All-day, 2-way GO train service from Waterloo Region to Toronto coming, says premier

Premier Kathleen Wynne promised all-day, two-way GO service between Waterloo Region and Toronto on Tuesday.
GO's Oshawa station is closed while police investigate reports of a suspicious package found aboard a train. Shuttle buses are operating between Whitby and Oshawa stations. (Andrew Lupton/CBC)

Premier Kathleen Wynne says the province is committing to two-way, all-day GO service between Waterloo Region and Toronto.

According to a news release, the province will make improvements to GO's Kitchener line in order to bring the increased service to the region. 

That will entail building a new train layover facility, as well as upgrading the rail corridor so travel times are faster, and by the end of 2016, adding two more morning and afternoon trips to the schedule. 

The Premier first hinted at two-way all-day GO service in an interview with Craig Norris on The Morning Edition on CBC Kitchener-Waterloo in early February, promising "clarity" in the upcoming provincial budget. 

The news release suggests making at least one trip an express service, and suggests that increased service could see an increase of 1000 more daily passengers.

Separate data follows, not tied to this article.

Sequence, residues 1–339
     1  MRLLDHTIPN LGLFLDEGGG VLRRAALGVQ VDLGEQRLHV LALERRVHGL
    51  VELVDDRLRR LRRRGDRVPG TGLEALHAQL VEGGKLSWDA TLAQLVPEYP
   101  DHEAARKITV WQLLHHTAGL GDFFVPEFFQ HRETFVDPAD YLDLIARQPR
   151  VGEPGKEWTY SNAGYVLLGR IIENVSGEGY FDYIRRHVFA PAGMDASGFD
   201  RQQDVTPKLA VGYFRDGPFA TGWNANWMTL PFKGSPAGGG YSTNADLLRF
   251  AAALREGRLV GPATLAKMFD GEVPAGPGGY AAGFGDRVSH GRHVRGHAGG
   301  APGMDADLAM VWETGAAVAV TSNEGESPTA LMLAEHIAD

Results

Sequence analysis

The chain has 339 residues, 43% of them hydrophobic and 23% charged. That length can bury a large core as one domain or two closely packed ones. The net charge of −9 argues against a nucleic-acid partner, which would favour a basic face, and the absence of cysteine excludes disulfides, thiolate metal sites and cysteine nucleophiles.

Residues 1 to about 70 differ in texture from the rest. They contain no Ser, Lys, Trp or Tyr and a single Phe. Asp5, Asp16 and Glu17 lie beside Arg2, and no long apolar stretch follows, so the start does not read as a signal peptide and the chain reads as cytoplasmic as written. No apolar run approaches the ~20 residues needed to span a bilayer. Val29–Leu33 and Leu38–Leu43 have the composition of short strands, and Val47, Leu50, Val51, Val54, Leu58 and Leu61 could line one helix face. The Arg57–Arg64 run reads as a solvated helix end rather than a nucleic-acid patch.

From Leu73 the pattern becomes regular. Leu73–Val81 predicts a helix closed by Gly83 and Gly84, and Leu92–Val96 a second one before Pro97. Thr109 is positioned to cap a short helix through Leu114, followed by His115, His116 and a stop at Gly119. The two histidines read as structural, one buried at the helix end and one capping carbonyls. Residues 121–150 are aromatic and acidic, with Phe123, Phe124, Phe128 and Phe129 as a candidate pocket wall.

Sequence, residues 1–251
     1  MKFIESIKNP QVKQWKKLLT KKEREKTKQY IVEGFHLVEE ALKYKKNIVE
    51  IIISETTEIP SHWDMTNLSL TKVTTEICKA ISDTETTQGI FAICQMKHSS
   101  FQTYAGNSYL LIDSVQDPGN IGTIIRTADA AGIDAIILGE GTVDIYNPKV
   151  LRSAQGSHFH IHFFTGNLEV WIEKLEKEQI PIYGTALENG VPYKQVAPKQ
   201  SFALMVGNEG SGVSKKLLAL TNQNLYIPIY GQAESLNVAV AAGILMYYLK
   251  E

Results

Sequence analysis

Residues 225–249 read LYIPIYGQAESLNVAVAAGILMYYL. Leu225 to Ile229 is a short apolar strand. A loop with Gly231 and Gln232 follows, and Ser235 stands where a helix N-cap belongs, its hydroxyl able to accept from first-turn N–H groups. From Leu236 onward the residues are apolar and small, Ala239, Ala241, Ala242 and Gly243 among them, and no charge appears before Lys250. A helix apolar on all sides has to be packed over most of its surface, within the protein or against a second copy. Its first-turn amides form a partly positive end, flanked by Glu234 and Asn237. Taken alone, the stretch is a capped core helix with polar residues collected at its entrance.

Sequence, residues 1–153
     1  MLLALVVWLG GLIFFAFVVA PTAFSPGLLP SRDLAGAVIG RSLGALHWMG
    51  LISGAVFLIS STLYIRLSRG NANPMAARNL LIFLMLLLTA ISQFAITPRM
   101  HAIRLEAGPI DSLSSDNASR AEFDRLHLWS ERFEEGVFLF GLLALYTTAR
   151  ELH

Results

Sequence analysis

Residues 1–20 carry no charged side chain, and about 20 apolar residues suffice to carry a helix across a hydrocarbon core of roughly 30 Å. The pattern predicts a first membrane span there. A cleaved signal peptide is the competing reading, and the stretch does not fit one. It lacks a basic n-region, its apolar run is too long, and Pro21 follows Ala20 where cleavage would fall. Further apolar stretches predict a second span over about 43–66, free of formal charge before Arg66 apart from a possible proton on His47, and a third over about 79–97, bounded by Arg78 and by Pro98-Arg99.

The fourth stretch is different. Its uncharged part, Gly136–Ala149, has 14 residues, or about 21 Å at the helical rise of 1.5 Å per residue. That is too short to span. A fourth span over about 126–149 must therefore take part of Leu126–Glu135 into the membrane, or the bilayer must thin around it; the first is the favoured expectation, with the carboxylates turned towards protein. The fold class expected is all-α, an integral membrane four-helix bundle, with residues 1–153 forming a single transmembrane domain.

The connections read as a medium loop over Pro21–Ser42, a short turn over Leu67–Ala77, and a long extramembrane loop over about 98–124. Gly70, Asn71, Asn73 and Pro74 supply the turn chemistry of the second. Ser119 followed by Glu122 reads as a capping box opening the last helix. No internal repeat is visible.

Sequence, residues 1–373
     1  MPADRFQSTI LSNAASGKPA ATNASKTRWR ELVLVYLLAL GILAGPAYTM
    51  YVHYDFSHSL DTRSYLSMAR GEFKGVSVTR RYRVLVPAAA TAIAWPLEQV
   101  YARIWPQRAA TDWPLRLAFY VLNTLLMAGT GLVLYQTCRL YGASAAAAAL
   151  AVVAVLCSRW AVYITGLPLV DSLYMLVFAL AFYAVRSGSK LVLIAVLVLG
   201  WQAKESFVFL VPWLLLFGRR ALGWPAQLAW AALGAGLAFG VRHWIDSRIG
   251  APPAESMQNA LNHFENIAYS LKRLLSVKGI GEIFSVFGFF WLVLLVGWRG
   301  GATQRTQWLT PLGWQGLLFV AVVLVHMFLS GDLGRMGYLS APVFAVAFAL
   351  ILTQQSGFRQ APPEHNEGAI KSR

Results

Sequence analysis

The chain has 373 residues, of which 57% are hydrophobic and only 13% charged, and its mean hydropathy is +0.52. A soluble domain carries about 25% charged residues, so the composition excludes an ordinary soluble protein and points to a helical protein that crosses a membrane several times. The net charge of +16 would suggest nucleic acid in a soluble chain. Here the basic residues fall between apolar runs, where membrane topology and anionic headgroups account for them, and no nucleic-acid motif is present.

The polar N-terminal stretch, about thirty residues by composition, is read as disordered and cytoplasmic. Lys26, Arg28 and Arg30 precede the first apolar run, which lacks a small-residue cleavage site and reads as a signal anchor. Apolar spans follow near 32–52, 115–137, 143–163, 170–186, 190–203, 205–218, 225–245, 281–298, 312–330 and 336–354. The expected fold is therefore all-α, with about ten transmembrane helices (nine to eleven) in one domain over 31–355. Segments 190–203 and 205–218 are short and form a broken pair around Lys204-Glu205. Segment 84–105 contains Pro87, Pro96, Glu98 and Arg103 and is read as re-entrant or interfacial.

The provincial news release made reference to a business plan by a consortium that includes the cities of Kitchener, Waterloo, Guelph, the Region of Waterloo and Communitech, that made the case late last year for increased GO service. 

The consortium's business plan claims that two-way, all-day GO service would bring an additional net 37,600 jobs by connecting Toronto and Waterloo's tech hubs and generate $838 million in annual personal income tax.

Kitchener mayor calls announcement "Great news"

“We got great news today,” said Kitchener Mayor Carl Zehr. “I couldn’t be more excited about the possibilities it holds for this entire region.”

Zehr made getting increased GO service to the region the priority for his last year in office. The long-serving mayor, first elected in 1997, won't be seeking re-election after his term this year is up. 

However, Zehr says the announcement is just the first step, and expects services changes announced Tuesday will be phased in. 

"The two-way service, that's the most critical thing," said Zehr, because there's a need for people to be able to travel in and out of the region multiple times in one day, not just a morning and evening commute.

"It's probably one of the biggest game-changers that will come to this region in many,many years,"said Zehr.